I had no idea to start my offer so low, I was thinking 80%, I thought a 60% offer would be a joke to the bank, but looking at it again, banks do not want to own homes, and the buyers are few and far between. Are there any programs that I should look for when attempting to buy this home, if we decide to? The payments would be low enough, that we could incur some Credit card debt to do the remodel/repair, but like I said in the fist post, not what I would want to do. I think we have an appointment for Nov 1st, which is just under 2 weeks away, well see if it is still there at that time. I think it may still be. in the mean time I am waiting for my Realtor's report of what he saw when he went out there this weekend. I have done some research of listings that are in the same area, and they are somewhat higher. Higher to the point I am wondering what is really wrong with this house. I will just have to wait an see.
' Rusty

    Bookmark   October 20, 2008 at 11:41AM
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The bank I work for has been very successful selling the homes it owns, there are buyers out there like yourself, who know a good deal when they see one.

You can apply for an FHA 203K loan (Rehab) or a Fannie Mae Homestyle, which is another rehab loan. The thing is with these programs, the house has to appraise for the value you purchased it for PLUS the cost of the improvements you are financing.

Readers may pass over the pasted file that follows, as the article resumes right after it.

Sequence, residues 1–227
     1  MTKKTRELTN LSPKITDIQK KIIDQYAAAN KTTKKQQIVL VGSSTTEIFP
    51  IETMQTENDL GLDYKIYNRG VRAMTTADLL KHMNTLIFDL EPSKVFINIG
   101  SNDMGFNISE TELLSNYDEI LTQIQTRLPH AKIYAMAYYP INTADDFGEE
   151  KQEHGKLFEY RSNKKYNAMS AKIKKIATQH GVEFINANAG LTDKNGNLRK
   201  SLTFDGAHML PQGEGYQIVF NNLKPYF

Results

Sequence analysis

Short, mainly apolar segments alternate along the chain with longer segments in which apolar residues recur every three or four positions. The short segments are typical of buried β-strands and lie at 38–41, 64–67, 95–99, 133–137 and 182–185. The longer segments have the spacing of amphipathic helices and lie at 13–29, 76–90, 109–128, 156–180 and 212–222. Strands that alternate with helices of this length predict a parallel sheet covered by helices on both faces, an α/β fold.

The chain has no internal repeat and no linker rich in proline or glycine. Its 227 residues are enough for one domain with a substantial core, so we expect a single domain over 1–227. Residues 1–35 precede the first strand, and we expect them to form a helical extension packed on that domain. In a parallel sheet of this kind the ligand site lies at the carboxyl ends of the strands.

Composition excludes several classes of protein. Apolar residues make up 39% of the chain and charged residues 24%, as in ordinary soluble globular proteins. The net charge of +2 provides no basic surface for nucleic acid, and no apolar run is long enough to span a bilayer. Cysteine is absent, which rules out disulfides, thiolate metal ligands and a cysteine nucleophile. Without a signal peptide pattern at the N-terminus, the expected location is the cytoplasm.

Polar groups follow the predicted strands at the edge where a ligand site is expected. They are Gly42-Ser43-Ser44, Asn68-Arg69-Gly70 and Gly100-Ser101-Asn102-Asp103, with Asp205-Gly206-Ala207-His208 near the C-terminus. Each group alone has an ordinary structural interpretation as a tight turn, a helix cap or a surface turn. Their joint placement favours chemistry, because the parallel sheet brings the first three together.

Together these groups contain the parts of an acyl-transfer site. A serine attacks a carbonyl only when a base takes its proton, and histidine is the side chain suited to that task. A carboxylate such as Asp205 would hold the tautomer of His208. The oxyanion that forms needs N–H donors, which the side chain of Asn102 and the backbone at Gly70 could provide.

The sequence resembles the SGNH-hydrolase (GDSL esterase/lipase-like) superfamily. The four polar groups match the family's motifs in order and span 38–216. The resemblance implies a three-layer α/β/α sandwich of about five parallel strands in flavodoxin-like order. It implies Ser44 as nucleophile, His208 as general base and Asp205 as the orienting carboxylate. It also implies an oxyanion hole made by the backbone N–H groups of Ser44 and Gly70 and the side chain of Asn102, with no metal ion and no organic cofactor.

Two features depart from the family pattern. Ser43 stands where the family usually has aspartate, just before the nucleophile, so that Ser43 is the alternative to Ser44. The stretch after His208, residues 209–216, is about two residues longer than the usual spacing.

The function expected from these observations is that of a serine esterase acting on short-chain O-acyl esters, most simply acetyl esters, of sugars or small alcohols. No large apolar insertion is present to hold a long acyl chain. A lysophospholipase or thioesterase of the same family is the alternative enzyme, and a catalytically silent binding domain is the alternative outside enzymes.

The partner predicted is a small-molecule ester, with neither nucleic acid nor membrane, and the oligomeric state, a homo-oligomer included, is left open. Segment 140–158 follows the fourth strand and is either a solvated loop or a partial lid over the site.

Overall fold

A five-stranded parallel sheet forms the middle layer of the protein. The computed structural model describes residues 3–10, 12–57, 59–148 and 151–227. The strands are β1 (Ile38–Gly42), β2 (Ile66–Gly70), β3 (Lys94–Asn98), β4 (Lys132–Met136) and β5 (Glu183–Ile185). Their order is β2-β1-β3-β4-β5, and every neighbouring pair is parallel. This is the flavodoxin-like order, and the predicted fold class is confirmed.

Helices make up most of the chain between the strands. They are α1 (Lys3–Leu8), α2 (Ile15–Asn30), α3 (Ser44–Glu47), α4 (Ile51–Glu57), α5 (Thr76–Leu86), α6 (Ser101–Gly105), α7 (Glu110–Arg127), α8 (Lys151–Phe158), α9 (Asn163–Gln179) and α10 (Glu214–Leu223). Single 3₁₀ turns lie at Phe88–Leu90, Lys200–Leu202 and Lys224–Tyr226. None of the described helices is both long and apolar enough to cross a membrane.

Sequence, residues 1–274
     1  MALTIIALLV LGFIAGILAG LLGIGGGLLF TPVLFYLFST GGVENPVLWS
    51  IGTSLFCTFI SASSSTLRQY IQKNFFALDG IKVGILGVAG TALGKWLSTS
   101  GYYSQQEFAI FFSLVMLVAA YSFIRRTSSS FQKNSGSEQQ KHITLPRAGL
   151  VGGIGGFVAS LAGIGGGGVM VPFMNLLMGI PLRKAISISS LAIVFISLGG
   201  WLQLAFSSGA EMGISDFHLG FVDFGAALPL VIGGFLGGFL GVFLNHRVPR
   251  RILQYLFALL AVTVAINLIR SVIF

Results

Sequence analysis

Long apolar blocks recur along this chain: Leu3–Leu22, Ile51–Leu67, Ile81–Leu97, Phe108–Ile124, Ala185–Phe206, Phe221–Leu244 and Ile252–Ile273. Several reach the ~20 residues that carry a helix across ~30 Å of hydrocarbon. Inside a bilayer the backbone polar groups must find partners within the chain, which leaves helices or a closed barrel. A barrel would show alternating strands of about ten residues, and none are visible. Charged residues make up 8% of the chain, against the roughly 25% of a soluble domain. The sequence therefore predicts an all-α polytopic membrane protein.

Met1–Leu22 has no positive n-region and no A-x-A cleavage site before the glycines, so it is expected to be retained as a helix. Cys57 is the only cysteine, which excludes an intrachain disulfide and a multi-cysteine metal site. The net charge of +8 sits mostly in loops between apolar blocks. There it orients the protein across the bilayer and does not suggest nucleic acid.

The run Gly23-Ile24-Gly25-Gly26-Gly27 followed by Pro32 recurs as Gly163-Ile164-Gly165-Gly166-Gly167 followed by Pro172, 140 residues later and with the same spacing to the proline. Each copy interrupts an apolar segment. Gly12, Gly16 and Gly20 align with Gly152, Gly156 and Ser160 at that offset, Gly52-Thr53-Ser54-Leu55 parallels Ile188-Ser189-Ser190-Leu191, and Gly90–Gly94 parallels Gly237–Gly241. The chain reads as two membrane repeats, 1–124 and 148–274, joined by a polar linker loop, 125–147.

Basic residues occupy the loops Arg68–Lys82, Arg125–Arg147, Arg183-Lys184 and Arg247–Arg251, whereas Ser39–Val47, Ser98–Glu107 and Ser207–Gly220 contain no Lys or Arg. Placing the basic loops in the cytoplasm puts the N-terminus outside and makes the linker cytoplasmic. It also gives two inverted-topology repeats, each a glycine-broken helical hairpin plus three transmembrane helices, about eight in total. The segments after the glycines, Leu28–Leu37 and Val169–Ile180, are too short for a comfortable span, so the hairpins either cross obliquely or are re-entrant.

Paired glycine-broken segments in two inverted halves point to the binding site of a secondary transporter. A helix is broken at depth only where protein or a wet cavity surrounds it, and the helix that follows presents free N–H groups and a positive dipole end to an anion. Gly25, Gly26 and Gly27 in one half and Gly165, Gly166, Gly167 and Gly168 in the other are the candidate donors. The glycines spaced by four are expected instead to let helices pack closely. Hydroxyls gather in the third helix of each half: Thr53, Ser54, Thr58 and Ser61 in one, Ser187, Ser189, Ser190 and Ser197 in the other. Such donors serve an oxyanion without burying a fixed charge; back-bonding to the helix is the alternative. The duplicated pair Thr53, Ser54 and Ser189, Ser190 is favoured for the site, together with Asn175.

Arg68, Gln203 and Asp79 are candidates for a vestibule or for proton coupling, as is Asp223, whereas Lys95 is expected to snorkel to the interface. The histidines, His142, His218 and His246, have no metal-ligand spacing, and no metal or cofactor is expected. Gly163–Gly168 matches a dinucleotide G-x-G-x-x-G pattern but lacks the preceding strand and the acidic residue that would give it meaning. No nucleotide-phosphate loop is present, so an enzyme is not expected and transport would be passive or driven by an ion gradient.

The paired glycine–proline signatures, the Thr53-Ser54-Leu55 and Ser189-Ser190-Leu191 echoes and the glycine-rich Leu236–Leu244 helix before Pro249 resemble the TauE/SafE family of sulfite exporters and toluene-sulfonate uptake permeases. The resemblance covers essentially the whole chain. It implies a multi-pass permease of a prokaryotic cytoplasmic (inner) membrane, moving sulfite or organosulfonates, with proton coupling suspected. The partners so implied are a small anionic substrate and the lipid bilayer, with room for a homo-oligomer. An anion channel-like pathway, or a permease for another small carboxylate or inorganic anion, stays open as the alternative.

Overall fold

And there are specific requirements about what improvements can be financed.

Google FHA 203K and you'll find out more.

    Bookmark   October 20, 2008 at 12:37PM
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TO TRICIA: Are you suggesting the 60% below asking price even in So Cal? We are looking at a foreclosure in the Woodland Hills area and the agent said he already had 5 offers in on the property after being on the market only 7 days. Our realtor told us the bank takes "biggest & best" and that we would need to go in $50K OVER asking price to get the property. No way we're doing that! Anyway...just wanting to know what your thoughts are on this. Thanks!

    Bookmark   October 22, 2008 at 12:29AM
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Hi Tulips

We are looking in Newbury Park (Thousand Oaks). The same thing happened on the bank-owned house we wanted  5 offers on the first day. We were told that some of the offers were over asking price and we were not willing to do that. I still donÂt know what that house went forÂ

I donÂt have any answers for you and will be watching for Tricia (and others) to respond. For myself, I think there will always be folks who have more money than I do and they donÂt have a problem paying more than asking for that "special" house. Even though the one we wanted went the first day  there are many more that are still sitting. So, IÂm going to guess the house you wanted was a "special" house too. Maybe the lot size is larger than other homes? Maybe it is more secluded? Perhaps it has a unique bonus room or pool? :-)